In a Friday 14 January post on Salon’s Friday 14 January edition (accessible here) Glenn Greenwald goes to the heart of the tension between certain self-proclaimed “centrist” views and the rule of law.
In it he castigates Benjamin Wittes of The Brookings Institution, and by implication Brookings itself, for a centrism which:
... is devoid of any coherent worldview and instead has one overarching purpose: to defend Beltway elite prerogatives and specifically the bipartisan orthodoxies of the National Security State.
The particular target of Greenwald’s concern is the defence by this “centrist” of the effective immunity from investigation which the Obama Administration has granted to former Bush Administration officials in relation to murder, torture and other acts of criminality.
Wittes claims that this is in accordance with a two-centuries-old tradition of incoming presidents not prosecuting outgoing ones. Greenwald cites no less a figure than George Washington to challenge this view:
George Washington vowed, in a December, 1795 letter, that there must never be immunity for wrongdoing by high government officials: "The executive branch of this government never has, nor will suffer, while I preside, any improper conduct of its officers to escape with impunity."
He goes on to examine the consequences of a system in which presidents and there retainers know that they will not be pursued for criminal acts perpetrated in the name of national security.
Greenwald’s concern’s resonate with concerns I expressed in May last year in We need to talk about Kevin, about Kevin Rudd’s lack of interest in finding out who knew what when about AWB’s $300 million of kickbacks to Saddam Hussein in violation of United Sanctions; his lack of interest in holding something like the UK’s Chilcot Inquiry to examine events leading up to Australia’s participation in the invasion of Iraq, and who knew what and when regarding the disgraceful treatment of Dr Mohammed Haneef.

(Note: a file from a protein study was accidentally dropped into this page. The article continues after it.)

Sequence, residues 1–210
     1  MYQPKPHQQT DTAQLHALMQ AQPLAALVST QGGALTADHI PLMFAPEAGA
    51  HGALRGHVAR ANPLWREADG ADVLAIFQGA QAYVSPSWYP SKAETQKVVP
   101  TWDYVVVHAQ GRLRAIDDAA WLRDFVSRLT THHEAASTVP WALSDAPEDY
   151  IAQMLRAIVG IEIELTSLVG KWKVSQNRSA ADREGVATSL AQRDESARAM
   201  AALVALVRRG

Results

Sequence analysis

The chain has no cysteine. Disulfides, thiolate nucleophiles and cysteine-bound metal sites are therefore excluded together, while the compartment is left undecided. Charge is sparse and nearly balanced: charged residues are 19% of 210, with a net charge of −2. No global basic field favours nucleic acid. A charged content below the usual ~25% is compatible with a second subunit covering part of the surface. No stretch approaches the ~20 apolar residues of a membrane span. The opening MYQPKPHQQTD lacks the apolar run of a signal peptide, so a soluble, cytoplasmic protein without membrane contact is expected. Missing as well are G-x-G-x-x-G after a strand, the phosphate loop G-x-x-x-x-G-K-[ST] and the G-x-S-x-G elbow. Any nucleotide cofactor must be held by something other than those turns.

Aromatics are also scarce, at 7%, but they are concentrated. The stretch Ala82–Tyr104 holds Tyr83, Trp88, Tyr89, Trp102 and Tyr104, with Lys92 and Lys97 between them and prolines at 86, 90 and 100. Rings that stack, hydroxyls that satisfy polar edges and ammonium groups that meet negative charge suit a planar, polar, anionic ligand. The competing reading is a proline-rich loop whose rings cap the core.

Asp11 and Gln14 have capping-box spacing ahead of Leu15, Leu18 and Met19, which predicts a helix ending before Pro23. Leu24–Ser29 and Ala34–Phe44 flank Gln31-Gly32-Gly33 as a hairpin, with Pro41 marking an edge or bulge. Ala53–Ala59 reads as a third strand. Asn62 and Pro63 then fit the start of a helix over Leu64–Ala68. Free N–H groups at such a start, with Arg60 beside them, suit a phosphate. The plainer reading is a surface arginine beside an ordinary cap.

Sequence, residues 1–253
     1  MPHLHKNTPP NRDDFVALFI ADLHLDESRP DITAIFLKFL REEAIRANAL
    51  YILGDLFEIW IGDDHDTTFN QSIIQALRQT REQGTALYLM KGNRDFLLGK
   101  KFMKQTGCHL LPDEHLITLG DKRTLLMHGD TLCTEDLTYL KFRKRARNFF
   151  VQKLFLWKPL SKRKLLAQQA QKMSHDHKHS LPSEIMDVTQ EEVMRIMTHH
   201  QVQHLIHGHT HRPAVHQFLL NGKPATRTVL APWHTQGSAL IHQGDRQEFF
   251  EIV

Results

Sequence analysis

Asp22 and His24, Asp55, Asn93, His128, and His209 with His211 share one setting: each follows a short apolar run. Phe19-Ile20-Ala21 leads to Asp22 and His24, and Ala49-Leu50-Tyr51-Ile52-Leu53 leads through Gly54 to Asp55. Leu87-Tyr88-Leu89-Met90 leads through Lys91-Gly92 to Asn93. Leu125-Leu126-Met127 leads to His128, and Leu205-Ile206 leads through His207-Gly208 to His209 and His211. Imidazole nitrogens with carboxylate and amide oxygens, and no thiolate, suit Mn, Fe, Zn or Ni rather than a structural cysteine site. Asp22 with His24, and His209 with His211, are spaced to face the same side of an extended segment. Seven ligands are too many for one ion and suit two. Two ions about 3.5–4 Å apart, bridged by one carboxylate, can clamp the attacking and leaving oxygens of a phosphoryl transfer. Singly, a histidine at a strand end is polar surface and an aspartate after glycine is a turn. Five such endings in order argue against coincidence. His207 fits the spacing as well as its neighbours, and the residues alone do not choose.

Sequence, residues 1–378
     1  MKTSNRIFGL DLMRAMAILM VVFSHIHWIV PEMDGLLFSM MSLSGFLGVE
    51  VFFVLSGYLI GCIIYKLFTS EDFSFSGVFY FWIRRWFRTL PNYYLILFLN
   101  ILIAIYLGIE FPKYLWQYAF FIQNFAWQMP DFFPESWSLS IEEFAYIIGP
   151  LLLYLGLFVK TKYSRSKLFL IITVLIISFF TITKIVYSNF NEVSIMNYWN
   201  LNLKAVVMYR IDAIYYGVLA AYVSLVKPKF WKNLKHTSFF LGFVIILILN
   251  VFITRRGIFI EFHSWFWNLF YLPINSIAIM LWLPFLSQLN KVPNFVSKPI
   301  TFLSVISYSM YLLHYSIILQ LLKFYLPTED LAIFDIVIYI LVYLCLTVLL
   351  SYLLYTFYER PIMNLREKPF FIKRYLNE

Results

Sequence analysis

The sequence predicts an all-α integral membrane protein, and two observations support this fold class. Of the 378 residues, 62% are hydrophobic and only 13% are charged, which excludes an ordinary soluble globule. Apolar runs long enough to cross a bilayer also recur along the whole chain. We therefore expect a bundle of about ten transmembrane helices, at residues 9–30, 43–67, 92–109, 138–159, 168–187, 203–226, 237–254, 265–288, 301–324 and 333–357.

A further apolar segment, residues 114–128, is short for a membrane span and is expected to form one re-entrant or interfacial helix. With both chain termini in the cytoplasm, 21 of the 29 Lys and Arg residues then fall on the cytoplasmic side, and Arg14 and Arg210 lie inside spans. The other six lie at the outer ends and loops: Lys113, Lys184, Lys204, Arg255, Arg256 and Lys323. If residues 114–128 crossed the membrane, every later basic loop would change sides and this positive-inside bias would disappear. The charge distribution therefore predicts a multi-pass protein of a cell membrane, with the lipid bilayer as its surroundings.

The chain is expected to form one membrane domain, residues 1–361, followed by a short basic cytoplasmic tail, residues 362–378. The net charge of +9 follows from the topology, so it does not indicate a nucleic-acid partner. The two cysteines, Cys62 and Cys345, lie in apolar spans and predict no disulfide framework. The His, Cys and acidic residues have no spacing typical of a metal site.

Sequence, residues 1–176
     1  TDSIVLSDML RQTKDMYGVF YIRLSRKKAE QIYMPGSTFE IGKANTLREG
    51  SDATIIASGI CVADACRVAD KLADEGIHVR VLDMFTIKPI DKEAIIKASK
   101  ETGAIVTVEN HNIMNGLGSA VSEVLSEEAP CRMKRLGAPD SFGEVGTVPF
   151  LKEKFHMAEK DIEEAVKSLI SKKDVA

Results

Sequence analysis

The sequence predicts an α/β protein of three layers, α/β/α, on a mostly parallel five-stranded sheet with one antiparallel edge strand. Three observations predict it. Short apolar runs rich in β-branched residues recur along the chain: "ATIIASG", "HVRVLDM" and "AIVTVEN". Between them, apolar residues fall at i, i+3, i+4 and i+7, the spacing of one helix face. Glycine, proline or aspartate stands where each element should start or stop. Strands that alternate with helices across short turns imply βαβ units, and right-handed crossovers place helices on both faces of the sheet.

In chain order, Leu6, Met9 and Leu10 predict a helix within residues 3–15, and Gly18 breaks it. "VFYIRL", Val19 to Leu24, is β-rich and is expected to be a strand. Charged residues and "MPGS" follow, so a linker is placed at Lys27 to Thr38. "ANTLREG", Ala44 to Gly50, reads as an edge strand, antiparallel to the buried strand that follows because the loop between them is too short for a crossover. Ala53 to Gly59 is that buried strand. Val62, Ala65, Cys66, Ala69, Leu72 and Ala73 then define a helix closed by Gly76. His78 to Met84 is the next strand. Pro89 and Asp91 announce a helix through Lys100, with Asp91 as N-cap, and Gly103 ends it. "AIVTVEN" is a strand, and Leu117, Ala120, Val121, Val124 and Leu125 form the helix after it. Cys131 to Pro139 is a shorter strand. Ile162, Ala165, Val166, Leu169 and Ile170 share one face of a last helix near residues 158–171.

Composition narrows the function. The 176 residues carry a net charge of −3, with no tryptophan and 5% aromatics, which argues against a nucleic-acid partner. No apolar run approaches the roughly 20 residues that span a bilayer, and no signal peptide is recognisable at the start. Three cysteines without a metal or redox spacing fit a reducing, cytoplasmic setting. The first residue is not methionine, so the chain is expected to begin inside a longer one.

I might have added the shocking case of Mamdouh Habib, arrested in Pakistan, flown to Baghram Air Base in Afghanistan, rendered to Egypt for months of interrogation under torture, and then sent to Guantánamo, allegedly with the involvement of Australian officials, a case well described by Sally Neighbour in The Weekend Australian, 15-16 January 2011 (see here) – a matter in which neither the Rudd nor Gillard Governments has displayed any interests until now. The emergence of new evidence has forced the Gillard Government’s hand and the matter is now to be investigated further.
All officials and military personnel of democratic countries need it to be clearly understood that no person is above the law, ever, and no-one can expected to be shielded from investigation when government changes hands when there are grounds to believe they have, or may have, acted outside the law.